Toasts at a White House Dinner Honoring the Nation's Governors

February 27, 1983

The President. First of all, let me just say that I'm not used to being up here alone without a hostess at these affairs, but right about now Nancy's getting ready to walk into the sound stage at Twentieth Century Fox, where the dinner is being held for Her Majesty, the Queen of England. So, you'll just have to put up with a host. [Laughter]

Our dinner tonight begins another round of discussions between us, a time when we can exchange ideas, explain our points of view, and work toward closer cooperation. Since I've been in this office, I've benefited greatly from your advice and counsel in our many meetings with individual Governors, your executive committee, and your able spokesman, Governor Scott Matheson. I hope you found them useful, too.

The year that's passed since our last state dinner has been a trying one for each of us and for all Americans. Our economy suffered the depths of this recession. Many of our citizens lost their jobs, and millions found themselves suddenly in need of government support. Our budgets were strained and our administrations sorely tested. But by working together, through cooperation, with give and take, we've weathered the worst of the storm.

And now the economic recovery in America has begun. Inflation has plummeted. Real wages are rising. Industrial production is increasing. Our housing industry is rebounding, and our auto industry is on the upswing. The Big Three are predicting their first year of profits since 1979. One company alone is recalling more than 21,000 workers.

Interest rates, once crippling our economy, are half what they were -- 10\1/2\ percent as of this weekend. And we hope to get them still lower. Unemployment has begun to drop. Personal savings are building, and our overall productivity is up. In fact, our leading economic indicators have been up, signaling a recovery for 8 out of the last 9 months.

I know that times are still difficult. I remember what it was like to be elected Governor and immediately face an enormous revenue shortfall. It has happened before. But our programs for sound fiscal management, spending control, and tax-rate reduction are based on economic principles that consistently produce prosperity.

Our federalism proposals, designed to return decisionmaking to governments closest to the people, are fundamental to our Republic. I would like to thank each of you, and especially your federalism negotiating team, for the efforts that you've made to achieve our federalism reforms.

I hope that in the year ahead we can continue to work together in a bipartisan spirit in the best interests of all our people. We stand at the threshold of great economic growth. But I need your help and your support if we're to realize the potential before us.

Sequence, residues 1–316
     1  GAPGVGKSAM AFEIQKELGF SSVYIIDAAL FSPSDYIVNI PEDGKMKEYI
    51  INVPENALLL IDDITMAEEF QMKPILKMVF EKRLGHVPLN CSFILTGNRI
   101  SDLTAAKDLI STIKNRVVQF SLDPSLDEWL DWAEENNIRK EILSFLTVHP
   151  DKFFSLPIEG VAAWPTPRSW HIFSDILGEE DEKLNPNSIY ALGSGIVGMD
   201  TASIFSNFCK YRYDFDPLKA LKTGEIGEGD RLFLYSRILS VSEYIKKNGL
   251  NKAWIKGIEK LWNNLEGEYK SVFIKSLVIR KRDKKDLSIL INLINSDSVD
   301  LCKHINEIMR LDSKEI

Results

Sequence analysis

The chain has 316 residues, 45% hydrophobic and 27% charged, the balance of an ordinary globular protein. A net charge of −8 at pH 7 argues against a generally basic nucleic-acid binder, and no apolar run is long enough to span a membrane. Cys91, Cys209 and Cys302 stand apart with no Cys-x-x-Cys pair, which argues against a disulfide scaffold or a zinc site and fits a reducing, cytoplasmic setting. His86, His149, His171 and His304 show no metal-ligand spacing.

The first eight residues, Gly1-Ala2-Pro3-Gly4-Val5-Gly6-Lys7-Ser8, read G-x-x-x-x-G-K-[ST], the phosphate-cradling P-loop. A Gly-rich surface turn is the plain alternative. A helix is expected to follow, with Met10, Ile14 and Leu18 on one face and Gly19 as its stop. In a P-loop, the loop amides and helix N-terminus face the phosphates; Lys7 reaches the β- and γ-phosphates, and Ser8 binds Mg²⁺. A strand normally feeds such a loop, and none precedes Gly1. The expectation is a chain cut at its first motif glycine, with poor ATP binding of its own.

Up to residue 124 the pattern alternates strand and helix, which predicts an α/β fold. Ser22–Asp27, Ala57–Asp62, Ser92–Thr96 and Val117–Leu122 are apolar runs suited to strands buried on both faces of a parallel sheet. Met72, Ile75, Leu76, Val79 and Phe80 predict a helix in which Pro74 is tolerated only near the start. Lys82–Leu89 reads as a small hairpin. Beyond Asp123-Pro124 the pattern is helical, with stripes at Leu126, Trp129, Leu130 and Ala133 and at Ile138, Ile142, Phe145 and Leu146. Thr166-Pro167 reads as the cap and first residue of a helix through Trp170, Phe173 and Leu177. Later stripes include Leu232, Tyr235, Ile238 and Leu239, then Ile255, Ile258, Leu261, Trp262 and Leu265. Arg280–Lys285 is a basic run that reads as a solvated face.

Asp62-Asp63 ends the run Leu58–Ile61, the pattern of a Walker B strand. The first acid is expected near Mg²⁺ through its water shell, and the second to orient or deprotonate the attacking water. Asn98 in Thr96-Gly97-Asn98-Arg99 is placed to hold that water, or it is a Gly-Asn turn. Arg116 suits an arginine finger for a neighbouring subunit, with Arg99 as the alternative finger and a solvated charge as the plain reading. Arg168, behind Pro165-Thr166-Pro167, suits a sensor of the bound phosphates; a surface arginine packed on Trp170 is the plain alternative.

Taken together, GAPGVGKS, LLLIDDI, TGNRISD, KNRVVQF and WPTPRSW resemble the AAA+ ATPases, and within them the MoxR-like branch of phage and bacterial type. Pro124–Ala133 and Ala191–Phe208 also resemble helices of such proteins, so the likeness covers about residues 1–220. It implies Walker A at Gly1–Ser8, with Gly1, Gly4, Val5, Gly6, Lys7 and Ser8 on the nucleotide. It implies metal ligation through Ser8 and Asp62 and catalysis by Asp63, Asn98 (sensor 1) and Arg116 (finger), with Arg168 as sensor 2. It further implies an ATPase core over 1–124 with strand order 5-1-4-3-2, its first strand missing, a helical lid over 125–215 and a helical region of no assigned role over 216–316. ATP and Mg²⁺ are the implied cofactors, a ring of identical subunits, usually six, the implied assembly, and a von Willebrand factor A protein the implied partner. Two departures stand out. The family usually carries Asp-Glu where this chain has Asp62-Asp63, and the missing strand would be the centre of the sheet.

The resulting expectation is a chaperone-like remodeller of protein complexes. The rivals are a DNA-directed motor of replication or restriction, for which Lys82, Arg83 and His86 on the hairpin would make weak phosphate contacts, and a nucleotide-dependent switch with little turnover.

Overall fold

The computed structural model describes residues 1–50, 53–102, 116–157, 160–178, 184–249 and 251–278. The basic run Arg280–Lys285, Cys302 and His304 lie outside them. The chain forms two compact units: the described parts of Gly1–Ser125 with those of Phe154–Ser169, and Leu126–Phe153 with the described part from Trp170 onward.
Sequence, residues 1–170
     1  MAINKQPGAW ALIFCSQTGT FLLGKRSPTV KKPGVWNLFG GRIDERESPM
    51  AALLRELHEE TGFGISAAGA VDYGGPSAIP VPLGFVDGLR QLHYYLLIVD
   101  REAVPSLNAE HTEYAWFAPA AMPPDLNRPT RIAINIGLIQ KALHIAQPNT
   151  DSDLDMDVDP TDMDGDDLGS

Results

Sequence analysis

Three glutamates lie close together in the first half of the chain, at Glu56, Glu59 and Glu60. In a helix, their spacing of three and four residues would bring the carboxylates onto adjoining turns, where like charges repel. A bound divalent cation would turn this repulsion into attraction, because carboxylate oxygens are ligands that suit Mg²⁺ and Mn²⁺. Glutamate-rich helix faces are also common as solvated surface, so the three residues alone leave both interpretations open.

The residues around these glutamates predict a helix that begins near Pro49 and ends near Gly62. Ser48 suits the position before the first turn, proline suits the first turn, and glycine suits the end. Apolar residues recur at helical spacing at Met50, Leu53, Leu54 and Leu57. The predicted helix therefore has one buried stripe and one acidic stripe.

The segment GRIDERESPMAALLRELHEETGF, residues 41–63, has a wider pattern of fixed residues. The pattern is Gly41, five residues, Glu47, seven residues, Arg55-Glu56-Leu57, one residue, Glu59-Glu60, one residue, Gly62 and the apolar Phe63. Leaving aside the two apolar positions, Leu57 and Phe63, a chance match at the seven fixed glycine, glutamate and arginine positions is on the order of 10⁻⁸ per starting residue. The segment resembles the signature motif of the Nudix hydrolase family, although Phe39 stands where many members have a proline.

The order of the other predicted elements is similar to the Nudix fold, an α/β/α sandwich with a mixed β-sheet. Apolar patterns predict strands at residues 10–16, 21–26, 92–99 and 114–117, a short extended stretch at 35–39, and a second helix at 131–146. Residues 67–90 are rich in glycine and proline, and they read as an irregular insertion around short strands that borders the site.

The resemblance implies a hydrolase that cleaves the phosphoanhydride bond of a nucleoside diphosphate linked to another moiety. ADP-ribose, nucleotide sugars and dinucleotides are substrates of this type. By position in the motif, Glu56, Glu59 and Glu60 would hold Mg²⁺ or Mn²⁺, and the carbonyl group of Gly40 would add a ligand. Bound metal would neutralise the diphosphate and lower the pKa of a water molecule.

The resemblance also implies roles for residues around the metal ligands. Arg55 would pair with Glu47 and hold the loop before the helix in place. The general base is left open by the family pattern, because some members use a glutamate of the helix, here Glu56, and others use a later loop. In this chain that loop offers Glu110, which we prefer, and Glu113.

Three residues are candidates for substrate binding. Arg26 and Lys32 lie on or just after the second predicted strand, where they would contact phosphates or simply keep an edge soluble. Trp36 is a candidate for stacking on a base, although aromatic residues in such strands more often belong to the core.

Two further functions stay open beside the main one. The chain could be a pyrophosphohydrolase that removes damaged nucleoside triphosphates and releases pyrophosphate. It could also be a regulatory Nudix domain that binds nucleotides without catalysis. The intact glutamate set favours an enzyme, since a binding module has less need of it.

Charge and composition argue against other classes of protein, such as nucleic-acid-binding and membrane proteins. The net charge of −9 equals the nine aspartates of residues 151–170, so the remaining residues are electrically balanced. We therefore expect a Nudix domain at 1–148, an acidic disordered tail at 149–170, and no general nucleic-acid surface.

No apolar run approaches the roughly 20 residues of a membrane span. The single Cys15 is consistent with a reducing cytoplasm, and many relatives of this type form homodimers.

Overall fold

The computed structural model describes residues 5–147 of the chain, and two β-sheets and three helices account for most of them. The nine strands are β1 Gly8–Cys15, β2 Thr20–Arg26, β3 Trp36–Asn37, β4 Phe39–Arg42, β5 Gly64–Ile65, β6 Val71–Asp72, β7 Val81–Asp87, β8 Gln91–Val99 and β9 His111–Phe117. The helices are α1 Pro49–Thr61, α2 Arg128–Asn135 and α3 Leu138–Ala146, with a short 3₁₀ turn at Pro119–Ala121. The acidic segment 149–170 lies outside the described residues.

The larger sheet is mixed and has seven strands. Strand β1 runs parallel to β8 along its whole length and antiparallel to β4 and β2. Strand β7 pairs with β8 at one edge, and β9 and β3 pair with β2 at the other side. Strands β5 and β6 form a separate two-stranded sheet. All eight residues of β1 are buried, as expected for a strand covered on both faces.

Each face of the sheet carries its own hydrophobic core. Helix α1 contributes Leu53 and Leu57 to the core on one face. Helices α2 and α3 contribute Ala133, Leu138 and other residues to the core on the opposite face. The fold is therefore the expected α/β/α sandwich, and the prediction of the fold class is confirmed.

As Benjamin Cardozo, the Supreme Court Justice, once said, ``The several states must sink or swim together.'' The Federal Government cannot solve America's problems without your help, just as you need assistance from us. Let us act together, so that when history looks back on our days of decision, it will record that we found the courage, met the challenge, and worked as one to bring about better days for all Americans, in each region and in every walk of life.

You know, we are unique in all the world with our exact setup, and that is that we were meant to be and must always be a federation of sovereign States. I know of no other government in the world that maintains this, and I believe it is the greatest guarantee of individual liberty that this country has.

So, I thank you for your help and guidance, not only this week but in the last year. And I ask you to join me in a toast to continued cooperation between State capitals and Washington as together we lay the foundations for a more accountable government and a more prosperous future.

Thank you.

Governor Matheson. Mr. President, we're grateful for your hospitality this evening. Many of us have been here many years, and this is the seventh occasion for Norma and for me. It's always as delightful and as exciting as ever.

And this is especially excellent this evening, because normally we come on Tuesday night. [Laughter] But you have other responsibilities. We thank you for the special attention you have given the Governors and their ladies by allowing us to come here on Sunday night and join with you in this great, traditional event.

We're here to do the Nation's business. We're working very hard and spent a day facing up to the responsibilities that chief executives have -- budget problems throughout the country. You were Governor of California. I'm not sure that Governor Deukmejian wouldn't be very happy to trade places with you right now with that -- [laughter] -- $1.8 billion deficit which he's coping with. But the States are in serious trouble in terms of their economies, and we see glimmers of hope, change in the economy. And we're grateful for that. And we're here to do the job for all of the people.

We're grateful for the support, for the cooperation and the assistance that you have given us as President and the people that serve us from the White House. Coming from the small State of Utah, I think I should point out to you, Mr. President, that you successfully garnered 73 percent of the vote in 1980. And I must tell you I was very grateful to win that year. [Laughter] But this is a time for all of us to work closely together.

And as chairman of the National Governors' Association this year, it's our pleasure to be here with you this evening and my pleasure to offer a toast to the President of the United States.

Note: The President spoke at 9:30 p.m. in the State Dining Room at the White House.